Drums and cannons signal the death of Ezeudu, the oldest man in the village. Okonkwo shivers as he remembers the last time the old man had visited him and advised him not to participate in the killing of Ikemefuna.
Drums and cannons traditionally signal that there is news in the village. Okonkwo's killing of Ikemefuna continues to affect him, though he would never show or admit this to anyone.
The entire clan attends Ezeudu's funeral, as he was a great warrior and held three titles, and even egwugwu show up to pay their respects. The ceremony involves a lot of tumult—the beating of drums, firing of guns, clanging of machetes. In the midst of the last gunshots and cannon fire, it's discovered that Ezeudu's sixteen-year-old son has been killed by a piece of iron from Okonkwo's gun.
The masked gods show up to honor Ezeudu, showing how important he was in the clan. Okonkwo's accident with the gun is a turning point in the plot that can be said to be purely an act of fate, also, since he couldn't control the splintering of the gun. On the other hand, it could also be seen as just an accident.
Because Okonkwo has killed a fellow clansman, he must flee the clan, but since the crime is of the “female” variety—meaning it's accidental—he's allowed to return after seven years. He and his family pack up their belongings, and friends help them store their yams in Obierika's barn. Just before dawn, they flee to Okonkwo's motherland, Mbanta.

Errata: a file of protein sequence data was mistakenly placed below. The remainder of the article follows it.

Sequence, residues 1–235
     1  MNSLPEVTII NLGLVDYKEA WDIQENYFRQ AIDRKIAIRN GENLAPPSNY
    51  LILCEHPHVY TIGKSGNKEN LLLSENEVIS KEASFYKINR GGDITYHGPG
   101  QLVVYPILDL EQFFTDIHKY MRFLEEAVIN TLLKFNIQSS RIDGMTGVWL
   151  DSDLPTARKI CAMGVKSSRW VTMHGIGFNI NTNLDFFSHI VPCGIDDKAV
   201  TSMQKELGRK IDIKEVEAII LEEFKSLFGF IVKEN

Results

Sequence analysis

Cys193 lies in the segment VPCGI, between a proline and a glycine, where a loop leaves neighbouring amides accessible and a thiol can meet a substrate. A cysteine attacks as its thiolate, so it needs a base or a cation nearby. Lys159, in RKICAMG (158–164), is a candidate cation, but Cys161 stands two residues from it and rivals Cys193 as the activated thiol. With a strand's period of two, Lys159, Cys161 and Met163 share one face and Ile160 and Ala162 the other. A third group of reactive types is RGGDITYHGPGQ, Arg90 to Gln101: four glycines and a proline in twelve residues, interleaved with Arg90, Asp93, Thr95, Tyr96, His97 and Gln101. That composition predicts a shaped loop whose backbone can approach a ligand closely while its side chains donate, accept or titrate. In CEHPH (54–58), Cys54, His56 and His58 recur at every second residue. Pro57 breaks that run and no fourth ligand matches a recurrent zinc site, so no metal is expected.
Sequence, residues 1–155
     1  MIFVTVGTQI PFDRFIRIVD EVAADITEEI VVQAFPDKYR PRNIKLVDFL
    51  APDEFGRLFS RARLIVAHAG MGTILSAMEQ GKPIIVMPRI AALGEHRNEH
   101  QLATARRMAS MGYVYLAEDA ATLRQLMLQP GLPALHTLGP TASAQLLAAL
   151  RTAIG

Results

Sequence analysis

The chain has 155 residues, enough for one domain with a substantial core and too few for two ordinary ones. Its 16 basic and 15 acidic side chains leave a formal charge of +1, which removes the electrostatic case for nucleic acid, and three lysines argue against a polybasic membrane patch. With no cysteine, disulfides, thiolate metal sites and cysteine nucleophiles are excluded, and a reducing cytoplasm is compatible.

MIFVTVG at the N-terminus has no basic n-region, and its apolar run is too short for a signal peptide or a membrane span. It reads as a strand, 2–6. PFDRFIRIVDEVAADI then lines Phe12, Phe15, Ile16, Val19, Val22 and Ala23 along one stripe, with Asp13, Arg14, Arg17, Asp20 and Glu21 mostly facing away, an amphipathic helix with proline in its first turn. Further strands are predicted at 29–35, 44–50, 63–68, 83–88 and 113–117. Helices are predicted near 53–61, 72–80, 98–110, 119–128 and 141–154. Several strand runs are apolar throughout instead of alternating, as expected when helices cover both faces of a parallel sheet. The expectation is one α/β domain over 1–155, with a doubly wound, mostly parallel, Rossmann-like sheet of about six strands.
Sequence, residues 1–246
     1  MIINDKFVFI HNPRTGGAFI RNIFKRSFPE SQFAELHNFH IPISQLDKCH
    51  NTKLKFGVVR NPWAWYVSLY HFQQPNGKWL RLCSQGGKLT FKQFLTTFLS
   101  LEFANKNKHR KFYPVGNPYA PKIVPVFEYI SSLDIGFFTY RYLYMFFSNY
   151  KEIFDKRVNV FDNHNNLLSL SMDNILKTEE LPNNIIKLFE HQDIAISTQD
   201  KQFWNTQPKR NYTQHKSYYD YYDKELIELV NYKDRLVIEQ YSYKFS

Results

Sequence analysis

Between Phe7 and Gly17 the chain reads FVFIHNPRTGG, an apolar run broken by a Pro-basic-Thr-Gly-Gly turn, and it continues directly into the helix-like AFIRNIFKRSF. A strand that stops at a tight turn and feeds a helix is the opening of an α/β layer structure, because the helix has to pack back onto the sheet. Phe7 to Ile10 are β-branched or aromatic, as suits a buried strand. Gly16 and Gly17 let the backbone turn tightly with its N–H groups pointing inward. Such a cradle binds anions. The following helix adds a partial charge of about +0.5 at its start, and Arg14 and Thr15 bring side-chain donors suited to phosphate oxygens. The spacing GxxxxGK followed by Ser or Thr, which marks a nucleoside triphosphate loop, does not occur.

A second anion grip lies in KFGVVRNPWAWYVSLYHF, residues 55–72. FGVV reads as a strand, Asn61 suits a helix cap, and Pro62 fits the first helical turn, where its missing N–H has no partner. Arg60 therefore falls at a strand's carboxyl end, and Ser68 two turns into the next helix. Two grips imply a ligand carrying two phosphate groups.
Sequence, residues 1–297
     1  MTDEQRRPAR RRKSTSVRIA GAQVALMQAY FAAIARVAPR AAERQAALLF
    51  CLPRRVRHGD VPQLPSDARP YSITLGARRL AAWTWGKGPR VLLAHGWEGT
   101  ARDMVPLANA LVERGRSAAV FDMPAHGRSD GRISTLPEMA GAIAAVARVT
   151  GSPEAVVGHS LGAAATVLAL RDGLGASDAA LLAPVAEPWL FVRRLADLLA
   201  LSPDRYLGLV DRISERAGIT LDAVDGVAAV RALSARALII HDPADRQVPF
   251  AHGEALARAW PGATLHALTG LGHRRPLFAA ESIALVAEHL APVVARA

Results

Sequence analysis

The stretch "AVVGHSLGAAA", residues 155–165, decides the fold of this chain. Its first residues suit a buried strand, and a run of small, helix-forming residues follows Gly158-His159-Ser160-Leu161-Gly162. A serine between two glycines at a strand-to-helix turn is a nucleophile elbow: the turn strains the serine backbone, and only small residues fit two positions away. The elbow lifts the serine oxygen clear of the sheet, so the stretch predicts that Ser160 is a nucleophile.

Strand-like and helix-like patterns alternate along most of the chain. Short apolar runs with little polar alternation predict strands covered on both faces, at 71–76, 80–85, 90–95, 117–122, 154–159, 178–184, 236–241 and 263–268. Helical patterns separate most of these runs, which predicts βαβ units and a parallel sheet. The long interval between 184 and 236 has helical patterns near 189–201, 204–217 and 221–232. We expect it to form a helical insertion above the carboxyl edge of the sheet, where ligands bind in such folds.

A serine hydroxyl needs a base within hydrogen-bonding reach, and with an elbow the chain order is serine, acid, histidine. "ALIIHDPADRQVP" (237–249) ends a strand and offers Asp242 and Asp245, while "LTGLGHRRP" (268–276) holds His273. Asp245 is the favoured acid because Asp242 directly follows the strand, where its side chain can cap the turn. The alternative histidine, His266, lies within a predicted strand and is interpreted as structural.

As the day breaks, a crowd of men from Ezeudu's quarter set fire to Okonkwo's houses, killing his animals and destroying his barn. They do this simply out of justice for the earth goddess rather than out of personal anger. Obierika joins in but wonders why a man must be so severely punished for an accidental crime. He thinks back to his wife's twin children, whom he had been forced to leave to die in the forest because of the law of the land.
The clan feels a sense of inevitability when they carry out traditional punishments such as this one, since they believe that the gods will punish the entire land otherwise. They act not out of personal malice or anger but because they feel they must. Yet there are those who question these traditions, such as Obierika.